By Tracy Robinson, senior lecturer, Faculty of Law, University of the West Indies
The pillars of the Caribbean’s fundamental and highest law, the constitutions, are respect for human dignity and human rights. Many constitutions describe all persons as being ‘endowed equally by God with inalienable rights and dignity’ and declare ‘faith in fundamental human rights and freedoms’.
The chapters in Caribbean constitutions protecting fundamental rights and freedoms, using different language, establish the norms for a just society that respects human rights and create an accountability mechanism. If anyone’s fundamental rights and freedoms are infringed by a law or governmental action, they are entitled to challenge same. The starting point for this action for redress is the need to ensure an avenue for access to justice for minorities who are discriminated against and stigmatised or have had their rights abridged. Built into Caribbean constitutional design, therefore, is the acknowledgment that minorities may need judicial protection of their rights where there is hostility, violence and breaches of their rights by the majority.
Laws in the Commonwealth Caribbean that criminalise sexual activity between adults of the same sex fall afoul of fundamental values and norms expressed in Caribbean constitutions, especially the core principle of respect for human dignity. Although these laws focus on certain sexual acts, like anal sex, and not homosexuality per se, they disproportionately and negatively impact on the lives of gay men, lesbians, bisexuals and transgendered persons.
Human dignity demands, as the South African Constitutional Court put it, that we recognise ‘the worth of all members of our society.’ Dignity is at the heart of the right to privacy which is protected by Caribbean constitutions. Properly understood, privacy includes a person’s freedom to have human and intimate relationships without undue interference by the state and others. By making certain forms of sexual expression between consenting adults a crime, the law degrades sexual minorities and their dignity.
While it is not clear that the right to privacy can be enforced under the redress provisions of all Caribbean constitutions, it certainly can in some like Trinidad and Tobago and Belize’s and arguably Antigua and Barbuda and St. Kitts-Nevis’.
Moreover, quite apart from the question of enforcement, the right is plainly guaranteed as a general right almost everywhere in the Caribbean. These general declarations of rights in Caribbean constitutions, such as the right to privacy were designed, according the eminent constitutional jurist, Professor Stanley de Smith, to bring ‘out the general purport of the guarantees, lifting them above the austerity of tabulated legalism.’
No Caribbean constitution explicitly provides protection against sexual orientation discrimination, but the Court of Appeal of Trinidad and Tobago explained that the categories of discrimination were not closed in Trinidad and Tobago. Adopting an approach used by other Commonwealth courts, the Trinidad and Tobago judges treated sexual orientation as analogous to some other prohibited grounds of discrimination. In their view, it was not appropriate for an anti-discrimination statute to explicitly deny the possibility of sexual orientation being a prohibited ground of discrimination. The Privy Council, that country’s final court of appeal, appears to have taken a different view, but provided no explanation for repudiating the sensible conclusion of that country’s judges. The upshot is that Caribbean judges, especially in Trinidad and Tobago, Guyana and Belize, where general equality rights are guaranteed, will have to grapple with the equality rights of a range of persons not originally contemplated at the founding of Caribbean constitutions. The approach of the Court of Appeal of Trinidad and Tobago indicates an open mind about the crucial question of what equality means in the Caribbean today.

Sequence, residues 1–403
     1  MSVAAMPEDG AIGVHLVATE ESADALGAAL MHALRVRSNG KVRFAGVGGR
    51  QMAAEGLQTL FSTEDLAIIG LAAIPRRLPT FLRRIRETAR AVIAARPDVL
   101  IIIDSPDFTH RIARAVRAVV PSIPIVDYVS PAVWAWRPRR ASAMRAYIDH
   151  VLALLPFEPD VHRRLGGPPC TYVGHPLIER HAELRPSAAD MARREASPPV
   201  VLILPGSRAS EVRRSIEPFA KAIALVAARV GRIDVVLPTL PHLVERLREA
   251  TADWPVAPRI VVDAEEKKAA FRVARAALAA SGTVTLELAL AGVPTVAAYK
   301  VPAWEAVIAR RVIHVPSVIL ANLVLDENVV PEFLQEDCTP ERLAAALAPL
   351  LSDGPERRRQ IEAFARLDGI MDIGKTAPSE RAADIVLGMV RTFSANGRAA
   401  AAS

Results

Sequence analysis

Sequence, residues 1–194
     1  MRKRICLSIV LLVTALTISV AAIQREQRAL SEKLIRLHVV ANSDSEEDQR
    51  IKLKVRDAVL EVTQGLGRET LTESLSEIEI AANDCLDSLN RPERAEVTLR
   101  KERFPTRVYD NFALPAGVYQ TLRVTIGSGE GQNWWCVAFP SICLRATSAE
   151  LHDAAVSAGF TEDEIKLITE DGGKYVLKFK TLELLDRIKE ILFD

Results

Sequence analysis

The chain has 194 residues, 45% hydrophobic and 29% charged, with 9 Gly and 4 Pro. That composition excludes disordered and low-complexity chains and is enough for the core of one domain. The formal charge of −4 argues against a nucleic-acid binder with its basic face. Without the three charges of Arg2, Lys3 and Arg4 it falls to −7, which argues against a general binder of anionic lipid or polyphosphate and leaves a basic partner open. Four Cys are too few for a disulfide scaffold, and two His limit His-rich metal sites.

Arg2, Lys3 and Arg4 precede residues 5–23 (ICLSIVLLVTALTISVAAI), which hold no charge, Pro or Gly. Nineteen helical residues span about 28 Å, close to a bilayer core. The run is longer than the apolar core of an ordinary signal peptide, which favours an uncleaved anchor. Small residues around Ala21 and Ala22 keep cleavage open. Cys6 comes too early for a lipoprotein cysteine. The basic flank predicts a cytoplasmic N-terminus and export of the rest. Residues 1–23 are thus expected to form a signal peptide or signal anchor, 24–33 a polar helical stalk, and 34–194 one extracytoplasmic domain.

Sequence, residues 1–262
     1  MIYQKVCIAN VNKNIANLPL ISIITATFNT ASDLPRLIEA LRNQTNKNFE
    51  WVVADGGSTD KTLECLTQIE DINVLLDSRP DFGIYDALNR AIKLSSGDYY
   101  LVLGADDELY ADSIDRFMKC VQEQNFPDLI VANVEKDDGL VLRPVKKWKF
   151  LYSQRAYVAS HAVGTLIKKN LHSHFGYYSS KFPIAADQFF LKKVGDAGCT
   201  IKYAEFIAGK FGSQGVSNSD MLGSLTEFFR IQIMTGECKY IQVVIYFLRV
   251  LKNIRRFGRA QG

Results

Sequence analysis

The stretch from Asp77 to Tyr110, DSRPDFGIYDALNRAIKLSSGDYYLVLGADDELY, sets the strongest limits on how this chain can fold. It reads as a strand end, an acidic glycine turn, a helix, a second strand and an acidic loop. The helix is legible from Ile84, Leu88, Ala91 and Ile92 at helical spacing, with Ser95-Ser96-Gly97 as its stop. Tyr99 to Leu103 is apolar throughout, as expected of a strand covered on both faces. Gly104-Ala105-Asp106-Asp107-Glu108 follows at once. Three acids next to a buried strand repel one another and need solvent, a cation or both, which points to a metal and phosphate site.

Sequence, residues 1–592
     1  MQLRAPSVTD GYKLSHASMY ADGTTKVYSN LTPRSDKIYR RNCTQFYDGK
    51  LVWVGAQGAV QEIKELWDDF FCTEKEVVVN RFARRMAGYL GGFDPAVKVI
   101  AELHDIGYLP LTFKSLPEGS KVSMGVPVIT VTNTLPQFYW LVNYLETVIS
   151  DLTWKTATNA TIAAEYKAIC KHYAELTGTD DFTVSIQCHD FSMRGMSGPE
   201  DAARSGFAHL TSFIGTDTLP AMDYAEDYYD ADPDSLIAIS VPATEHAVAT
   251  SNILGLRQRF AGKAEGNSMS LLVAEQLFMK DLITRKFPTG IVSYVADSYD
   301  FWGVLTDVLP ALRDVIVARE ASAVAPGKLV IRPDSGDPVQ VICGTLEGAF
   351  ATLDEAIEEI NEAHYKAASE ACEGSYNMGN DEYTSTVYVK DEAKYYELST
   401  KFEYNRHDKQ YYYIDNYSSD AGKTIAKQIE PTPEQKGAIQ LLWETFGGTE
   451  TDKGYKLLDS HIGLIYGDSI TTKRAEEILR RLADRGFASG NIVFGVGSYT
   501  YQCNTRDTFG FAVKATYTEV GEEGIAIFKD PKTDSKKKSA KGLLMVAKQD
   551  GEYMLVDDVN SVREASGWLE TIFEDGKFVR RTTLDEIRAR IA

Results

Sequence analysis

A concern is always the impact of ‘savings law clauses’ on the ability of citizens to insist that their fundamental rights and freedoms be respected. These clauses might entirely shut out judicial review of laws which were in existence prior to the constitutions on the ground that they infringe fundamental rights. The restrictions of these clauses in Caribbean constitutions should not be overstated. They are impediments to judicial review in a material way only in Jamaica, Trinidad and Tobago, Guyana, the Bahamas and Barbados. But even in those countries, some of the questionable laws criminalising certain forms of sexual expression were enacted in the last twenty years, long after independence. The savings law clauses do not stand in the way of a challenge of these.
Even where formal legal challenges face hurdles like savings law clauses, the broad purport and meaning of Caribbean constitutions remain clear. It was always intended that the constitutional commitment to respecting the human dignity and equality of everyone in the Caribbean would sometimes take place in the courts, but would always also take place within Caribbean communities—newspapers, talk shows, demonstrations, community organising etc—using the constitutional standards as a bulwark against injustice. Litigation is an important tool for vindicating rights and communicating the value of fundamental rights to the entire society. It will not always be available or evenly so across the Caribbean when constitutional norms are breached. Nevertheless, Caribbean constitutions establish the benchmarks for ensuring that Caribbean people can, according to the Guyanese Constitution, ‘live in a safe society which respects their dignity, protects their rights, recognises their potential, [and] listens to their voices…’